Archive for May 2018

WFLA Channel 8 Coverage on Tampa Bay Skilled Nursing Shortage


“By 2025, experts anticipate the Tampa Bay area will face a severe shortage of skilled nurses with Bachelor’s degrees and if it’s not addressed soon, it could cripple the state’s health care system.

The shortage can be attributed to baby boomers, retiring nurses and the growing population.

Experts worry the Tampa Bay area could see more crowded emergency rooms, more medical errors, and increased mortality rates.  Nurses would be expected to work long hours under stressful conditions, which could result in fatigue, injury and job satisfaction, according to Schumacher Clinical Partners Providers, a company that helps hospitals and providers with patient care.

The Suncoast Nursing Action Coalition is working to address the problem by providing scholarships to recruit more skilled nurses. The organization has also teamed up with local colleges to kick start 4-year nursing programs to attract and retain skilled nurses. The schools include USF Sarasota-Manatee, Keiser University, State College of Florida and Florida Southwestern State College. …” Continue Reading:


National Nursing Shortage Effects Felt in SWFL – WGCU Radio Broadcast

National Nursing Shortage Effects Felt in SWFL  – WGCU Radio Broadcast

Originally posted on (

“It’s National Nurses Week. A Gallup poll recently ranked nursing the most trusted profession for the 16th consecutive year. Yet, there aren’t enough nurses to go around.

The Suncoast Nursing Action Coalition held an event Wednesday in Sarasota, at which they discussed measures to combat a serious shortage of nurses that’s impacting hospitals and nursing schools in Southwest Florida and across the nation.

The coalition’s founder, Jan Mauck, recently retired from Sarasota Memorial Hospital after 41 years. Mauck joins Gulf Coast Live to share about some of the group’s efforts to combat the issue. …”

Listen now:




USF-SM admitting students to 4-year nursing program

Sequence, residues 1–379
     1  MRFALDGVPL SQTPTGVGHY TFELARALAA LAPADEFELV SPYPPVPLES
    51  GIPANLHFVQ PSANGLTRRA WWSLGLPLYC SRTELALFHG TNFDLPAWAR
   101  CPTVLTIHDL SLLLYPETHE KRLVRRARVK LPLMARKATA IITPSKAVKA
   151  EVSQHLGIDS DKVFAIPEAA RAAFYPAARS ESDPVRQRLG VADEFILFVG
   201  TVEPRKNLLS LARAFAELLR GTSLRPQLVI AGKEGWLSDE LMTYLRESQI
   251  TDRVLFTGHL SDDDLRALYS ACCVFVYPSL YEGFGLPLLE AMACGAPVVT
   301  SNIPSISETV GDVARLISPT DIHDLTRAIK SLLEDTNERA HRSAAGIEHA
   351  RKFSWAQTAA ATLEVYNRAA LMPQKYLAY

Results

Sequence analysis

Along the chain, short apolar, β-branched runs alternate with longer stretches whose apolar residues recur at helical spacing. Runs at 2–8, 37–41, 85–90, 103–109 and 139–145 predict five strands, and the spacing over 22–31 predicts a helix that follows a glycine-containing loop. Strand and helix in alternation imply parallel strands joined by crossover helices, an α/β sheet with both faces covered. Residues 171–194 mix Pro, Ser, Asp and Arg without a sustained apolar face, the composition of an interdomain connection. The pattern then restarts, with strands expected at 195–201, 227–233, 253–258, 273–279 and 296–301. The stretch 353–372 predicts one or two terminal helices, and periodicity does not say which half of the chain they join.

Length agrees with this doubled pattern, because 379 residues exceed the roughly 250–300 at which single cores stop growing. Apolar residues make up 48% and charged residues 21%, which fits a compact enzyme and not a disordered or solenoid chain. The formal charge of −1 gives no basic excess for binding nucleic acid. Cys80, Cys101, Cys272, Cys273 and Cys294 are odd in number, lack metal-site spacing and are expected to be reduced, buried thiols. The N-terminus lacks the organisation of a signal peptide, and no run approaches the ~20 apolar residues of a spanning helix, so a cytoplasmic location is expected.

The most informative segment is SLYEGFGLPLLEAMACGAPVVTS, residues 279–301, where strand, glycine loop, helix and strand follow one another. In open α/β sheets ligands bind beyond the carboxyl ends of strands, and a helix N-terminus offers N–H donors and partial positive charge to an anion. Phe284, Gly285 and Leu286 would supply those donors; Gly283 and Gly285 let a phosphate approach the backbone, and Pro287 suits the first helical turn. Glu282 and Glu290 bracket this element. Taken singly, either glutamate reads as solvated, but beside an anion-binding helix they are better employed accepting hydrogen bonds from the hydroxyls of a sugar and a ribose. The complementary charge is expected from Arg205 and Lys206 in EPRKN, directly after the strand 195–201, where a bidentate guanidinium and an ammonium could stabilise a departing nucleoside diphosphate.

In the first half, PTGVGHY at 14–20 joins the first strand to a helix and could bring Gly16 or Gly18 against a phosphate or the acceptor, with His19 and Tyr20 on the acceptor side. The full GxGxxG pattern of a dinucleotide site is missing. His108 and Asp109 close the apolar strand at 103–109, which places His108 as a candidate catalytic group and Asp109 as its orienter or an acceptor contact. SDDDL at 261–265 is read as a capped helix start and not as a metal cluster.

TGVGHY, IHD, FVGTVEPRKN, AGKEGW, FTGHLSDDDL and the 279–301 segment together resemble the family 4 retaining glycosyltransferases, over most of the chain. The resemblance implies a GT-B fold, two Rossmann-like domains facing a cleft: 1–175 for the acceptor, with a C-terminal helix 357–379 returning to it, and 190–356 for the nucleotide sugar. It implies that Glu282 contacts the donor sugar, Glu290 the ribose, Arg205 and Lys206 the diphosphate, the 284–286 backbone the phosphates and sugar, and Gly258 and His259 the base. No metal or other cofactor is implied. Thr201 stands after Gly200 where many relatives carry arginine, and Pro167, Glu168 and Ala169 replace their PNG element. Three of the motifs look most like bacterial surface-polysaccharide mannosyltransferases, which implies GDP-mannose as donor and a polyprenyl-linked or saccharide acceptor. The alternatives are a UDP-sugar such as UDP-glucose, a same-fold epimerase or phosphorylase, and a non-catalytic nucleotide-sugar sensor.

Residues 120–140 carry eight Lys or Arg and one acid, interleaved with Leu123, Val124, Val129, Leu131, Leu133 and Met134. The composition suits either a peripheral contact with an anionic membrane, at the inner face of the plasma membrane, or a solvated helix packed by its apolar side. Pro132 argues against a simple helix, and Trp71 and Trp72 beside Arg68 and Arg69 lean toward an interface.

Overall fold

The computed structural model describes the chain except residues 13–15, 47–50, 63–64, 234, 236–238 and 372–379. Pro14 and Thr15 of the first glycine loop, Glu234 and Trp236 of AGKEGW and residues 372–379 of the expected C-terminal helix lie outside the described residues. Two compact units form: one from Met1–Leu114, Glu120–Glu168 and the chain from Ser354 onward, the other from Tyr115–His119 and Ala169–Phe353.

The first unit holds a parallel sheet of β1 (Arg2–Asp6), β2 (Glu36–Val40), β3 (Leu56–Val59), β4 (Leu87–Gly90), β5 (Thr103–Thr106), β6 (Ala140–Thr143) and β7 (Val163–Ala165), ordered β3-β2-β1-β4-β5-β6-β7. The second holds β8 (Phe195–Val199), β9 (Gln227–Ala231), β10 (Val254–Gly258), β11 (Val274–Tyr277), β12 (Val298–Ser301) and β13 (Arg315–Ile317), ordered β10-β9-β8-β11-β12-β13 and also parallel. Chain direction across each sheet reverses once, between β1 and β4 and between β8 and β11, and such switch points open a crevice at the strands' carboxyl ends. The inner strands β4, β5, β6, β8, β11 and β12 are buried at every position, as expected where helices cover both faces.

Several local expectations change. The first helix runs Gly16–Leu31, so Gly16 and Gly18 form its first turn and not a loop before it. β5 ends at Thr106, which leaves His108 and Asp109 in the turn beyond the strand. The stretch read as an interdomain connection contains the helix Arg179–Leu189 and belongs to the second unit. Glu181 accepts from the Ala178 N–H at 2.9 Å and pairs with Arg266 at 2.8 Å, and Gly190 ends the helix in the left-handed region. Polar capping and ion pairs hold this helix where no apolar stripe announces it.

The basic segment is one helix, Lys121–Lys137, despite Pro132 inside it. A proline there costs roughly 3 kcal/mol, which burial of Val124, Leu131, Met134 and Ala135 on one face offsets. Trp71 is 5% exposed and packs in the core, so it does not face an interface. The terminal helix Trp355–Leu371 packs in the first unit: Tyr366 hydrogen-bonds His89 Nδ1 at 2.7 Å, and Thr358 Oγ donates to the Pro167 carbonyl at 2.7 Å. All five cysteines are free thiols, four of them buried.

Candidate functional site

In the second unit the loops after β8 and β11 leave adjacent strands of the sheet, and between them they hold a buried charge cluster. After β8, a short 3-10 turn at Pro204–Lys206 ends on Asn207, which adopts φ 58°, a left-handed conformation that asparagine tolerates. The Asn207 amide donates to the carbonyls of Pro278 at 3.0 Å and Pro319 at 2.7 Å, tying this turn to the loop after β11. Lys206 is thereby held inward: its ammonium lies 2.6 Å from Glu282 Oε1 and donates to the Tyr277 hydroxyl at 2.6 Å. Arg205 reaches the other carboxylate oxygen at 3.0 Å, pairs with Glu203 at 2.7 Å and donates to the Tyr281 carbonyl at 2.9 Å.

USF-SM admitting students to 4-year nursing program

College introduces new major intending to improve region’s quality of care

Aspiring nurses who want to earn a bachelor’s degree — now considered the minimum standard for careers in high-technology medical environments — now have a second local option.

State College of Florida has offered a pathway to the degree to nearly 1,000 nursing students in this area, and will add to its program soon with an accelerated curriculum called “BSN in Four.” And on Thursday, administrators at the University of South Florida Sarasota-Manatee officially realized the long-held dream of offering its local track to a bachelor of science in nursing. This fall, the school will enroll its first freshman class in a two-year pre-nursing curriculum, with the final two years of study expected to be in place by the fall of 2020.

And already, regional chancellor Karen Holbrook said Thursday, three pre-nursing students have been recruited and admitted.

The goal is to have 50 nursing students in each class, and applicants who live in this region and plan to work here will be given priority. This will elevate the quality of health care locally, Holbrook explained: While the Institute of Medicine has concluded that at least 80 percent of nurses should have a college degree by 2020, only 33.5 percent of nurses in this region meet that standard today. Research has shown that a more educated nursing workforce correlates to decreased mortality and complication rates, and fewer hospital-acquired infections and re-admissions.

Read the full Herald-Tribune story »